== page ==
Natural and political history of the Gerry-mander! : In two chapters
- Natural and political history of the Gerry-mander! : In two chapters
Published about 1820, this broadside reprinted the original 1812 newspaper article and cartoon illustrating the first use of the term "Gerry-mander." It also included a new essay entitled "Political History," that explained its origins in the Massachusetts' 1812 senate redistricting plan and confirmed that the results of the subsequent election favored the Democrat-Republicans as anticipated. Although the editors called for the death of the "Gerry-mander," the practice survived. Two hundred years later, it remains a powerful part of our political lexicon as both a concept and a partisan strategy employed on both sides of the aisle.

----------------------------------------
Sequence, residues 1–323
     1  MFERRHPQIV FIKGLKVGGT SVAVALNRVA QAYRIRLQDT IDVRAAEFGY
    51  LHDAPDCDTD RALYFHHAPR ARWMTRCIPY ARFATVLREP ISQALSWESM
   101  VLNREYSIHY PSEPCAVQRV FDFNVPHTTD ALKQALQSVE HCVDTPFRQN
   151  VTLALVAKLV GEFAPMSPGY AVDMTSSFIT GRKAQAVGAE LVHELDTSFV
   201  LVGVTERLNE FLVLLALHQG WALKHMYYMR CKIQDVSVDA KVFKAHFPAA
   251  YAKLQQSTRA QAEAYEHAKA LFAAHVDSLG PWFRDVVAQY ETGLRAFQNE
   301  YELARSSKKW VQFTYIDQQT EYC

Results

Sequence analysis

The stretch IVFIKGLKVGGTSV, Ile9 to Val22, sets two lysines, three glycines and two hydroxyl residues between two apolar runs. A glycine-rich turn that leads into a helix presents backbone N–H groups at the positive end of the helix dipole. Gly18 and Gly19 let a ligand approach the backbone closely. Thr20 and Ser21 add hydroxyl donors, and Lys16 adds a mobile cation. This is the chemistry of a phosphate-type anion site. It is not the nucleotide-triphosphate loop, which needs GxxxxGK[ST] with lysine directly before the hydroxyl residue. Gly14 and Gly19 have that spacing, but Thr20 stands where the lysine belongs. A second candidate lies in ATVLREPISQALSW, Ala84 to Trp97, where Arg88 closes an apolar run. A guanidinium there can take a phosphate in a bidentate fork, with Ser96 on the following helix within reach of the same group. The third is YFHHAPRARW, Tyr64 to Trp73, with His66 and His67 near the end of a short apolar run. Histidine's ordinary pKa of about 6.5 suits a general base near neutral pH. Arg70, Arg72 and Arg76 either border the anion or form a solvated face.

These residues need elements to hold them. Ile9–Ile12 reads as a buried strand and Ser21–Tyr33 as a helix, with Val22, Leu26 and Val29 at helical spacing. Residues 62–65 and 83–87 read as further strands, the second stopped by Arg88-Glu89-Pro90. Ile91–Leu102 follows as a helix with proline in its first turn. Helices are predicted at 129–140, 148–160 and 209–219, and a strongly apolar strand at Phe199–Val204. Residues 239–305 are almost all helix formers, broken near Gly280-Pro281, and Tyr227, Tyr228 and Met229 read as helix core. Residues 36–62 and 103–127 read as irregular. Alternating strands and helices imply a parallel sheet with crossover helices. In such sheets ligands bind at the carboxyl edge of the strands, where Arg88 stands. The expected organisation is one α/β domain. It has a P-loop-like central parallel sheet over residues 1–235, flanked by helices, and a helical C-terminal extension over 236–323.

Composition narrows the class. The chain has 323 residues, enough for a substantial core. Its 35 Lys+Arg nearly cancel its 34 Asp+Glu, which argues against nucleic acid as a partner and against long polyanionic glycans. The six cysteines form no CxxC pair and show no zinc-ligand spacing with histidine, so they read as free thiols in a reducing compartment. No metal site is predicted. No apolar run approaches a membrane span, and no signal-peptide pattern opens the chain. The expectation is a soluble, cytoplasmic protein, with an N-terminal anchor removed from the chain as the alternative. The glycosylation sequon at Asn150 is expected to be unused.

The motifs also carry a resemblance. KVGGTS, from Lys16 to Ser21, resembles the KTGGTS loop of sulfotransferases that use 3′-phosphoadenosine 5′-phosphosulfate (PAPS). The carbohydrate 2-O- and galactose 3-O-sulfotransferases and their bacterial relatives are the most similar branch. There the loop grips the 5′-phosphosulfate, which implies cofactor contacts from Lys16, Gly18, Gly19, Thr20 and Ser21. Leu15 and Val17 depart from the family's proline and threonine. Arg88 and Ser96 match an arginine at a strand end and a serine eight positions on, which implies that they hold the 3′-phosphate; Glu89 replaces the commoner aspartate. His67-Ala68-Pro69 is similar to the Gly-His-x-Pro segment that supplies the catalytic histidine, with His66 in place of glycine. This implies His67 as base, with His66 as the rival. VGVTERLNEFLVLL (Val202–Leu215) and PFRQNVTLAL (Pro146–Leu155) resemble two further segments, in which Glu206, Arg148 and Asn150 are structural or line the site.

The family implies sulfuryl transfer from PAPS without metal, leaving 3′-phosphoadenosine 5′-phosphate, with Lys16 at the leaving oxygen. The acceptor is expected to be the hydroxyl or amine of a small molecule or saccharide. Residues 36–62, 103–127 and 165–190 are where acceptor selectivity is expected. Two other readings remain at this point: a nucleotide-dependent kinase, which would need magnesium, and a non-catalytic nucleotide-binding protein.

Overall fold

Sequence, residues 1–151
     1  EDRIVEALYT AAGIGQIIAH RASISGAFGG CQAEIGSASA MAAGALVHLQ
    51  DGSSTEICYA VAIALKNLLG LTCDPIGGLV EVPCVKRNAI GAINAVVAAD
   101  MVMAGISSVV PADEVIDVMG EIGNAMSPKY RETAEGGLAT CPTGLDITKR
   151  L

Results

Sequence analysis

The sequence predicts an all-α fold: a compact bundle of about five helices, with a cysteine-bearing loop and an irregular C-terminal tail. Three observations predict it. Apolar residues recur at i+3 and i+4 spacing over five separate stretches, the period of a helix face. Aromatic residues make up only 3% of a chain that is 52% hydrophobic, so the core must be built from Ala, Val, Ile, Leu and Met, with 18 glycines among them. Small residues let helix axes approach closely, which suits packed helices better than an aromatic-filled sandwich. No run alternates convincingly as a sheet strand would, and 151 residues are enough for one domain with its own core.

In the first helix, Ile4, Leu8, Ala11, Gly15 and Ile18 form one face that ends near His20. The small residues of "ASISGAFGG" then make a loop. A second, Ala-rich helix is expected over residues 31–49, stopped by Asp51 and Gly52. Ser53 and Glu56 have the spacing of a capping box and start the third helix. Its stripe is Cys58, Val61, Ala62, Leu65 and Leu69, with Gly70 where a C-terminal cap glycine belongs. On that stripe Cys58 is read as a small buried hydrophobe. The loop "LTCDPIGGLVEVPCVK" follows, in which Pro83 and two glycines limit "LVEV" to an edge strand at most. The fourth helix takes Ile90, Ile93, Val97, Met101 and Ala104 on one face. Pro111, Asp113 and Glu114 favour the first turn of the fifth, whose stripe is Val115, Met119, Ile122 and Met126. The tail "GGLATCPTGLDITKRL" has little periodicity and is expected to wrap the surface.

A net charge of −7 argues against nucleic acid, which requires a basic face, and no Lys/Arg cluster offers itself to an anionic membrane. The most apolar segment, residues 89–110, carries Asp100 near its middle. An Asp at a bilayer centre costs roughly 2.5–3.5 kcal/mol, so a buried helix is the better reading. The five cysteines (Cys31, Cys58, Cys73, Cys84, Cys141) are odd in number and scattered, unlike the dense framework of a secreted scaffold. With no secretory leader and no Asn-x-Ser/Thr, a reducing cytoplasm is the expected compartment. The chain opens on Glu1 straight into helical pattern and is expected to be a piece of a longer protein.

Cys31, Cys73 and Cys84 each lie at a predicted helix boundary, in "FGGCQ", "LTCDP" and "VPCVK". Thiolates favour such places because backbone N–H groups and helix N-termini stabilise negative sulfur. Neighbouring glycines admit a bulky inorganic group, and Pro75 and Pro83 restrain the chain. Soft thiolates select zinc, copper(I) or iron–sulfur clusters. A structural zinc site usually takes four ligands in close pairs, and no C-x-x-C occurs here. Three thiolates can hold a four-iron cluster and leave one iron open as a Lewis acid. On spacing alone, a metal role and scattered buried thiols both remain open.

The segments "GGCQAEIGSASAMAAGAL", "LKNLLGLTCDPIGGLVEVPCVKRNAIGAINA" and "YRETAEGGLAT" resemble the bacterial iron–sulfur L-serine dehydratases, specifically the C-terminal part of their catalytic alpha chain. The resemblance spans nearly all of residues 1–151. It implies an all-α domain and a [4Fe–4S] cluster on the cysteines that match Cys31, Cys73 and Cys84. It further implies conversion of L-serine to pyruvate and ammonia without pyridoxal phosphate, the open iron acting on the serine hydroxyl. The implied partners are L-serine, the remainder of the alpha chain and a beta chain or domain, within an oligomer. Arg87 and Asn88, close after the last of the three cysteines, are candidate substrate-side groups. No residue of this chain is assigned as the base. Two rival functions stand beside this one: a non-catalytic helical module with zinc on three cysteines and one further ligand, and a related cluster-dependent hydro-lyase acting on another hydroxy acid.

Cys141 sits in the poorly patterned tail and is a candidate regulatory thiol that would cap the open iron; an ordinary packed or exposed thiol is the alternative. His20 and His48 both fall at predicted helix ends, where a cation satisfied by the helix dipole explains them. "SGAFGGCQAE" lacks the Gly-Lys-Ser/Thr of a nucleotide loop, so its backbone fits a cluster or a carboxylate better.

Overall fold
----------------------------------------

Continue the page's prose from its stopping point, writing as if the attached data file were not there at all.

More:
- Russell, John, 1764?-1831
- Cutler, James, 1774-1818
- Gardner, Simon, 1790-1824
Boston Public Library
Norman B. Leventhal Map Center
- Collection (local):
Norman B. Leventhal Map Center Collection
Election districts--Massachusetts--Essex County
Massachusetts--Politics and government--1775-1865
Massachusetts--Politics and government--Caricatures and cartoons
Essex County (Mass.)--Politics and government--1775-1865
Gerry, Elbridge, 1744-1814
- 1 sheet : ill. (relief cuts), map ; 56 x 47 cm.
No known copyright restrictions.
No known restrictions on use.
Text of first chapter, "Natural history," and accompanying relief cut originally published in the March 26, 1812, issue of the Boston gazette, with title: The Gerry-mander. A new species of monster, which appeared in Essex south district in January last.
Imprint dates suggested by content of last paragraph. During these years the Boston gazette was printed, successively, by the firms of Russell & Cutler; Russell, Cutler & Co.; and Russell & Gardner.
Text in two columns; printed area measures 50.2 x 35.1 cm.
Not in Shaw & Shoemaker.
- Notes (date):
This date is inferred.
- Notes (exhibitions):
Exhibited: "America Votes: Mapping the Political Landscape" organized by the Norman B. Leventhal Map Center at the Boston Public Library, 2012.
- Call #:
G3763.E7F7 1820 .N38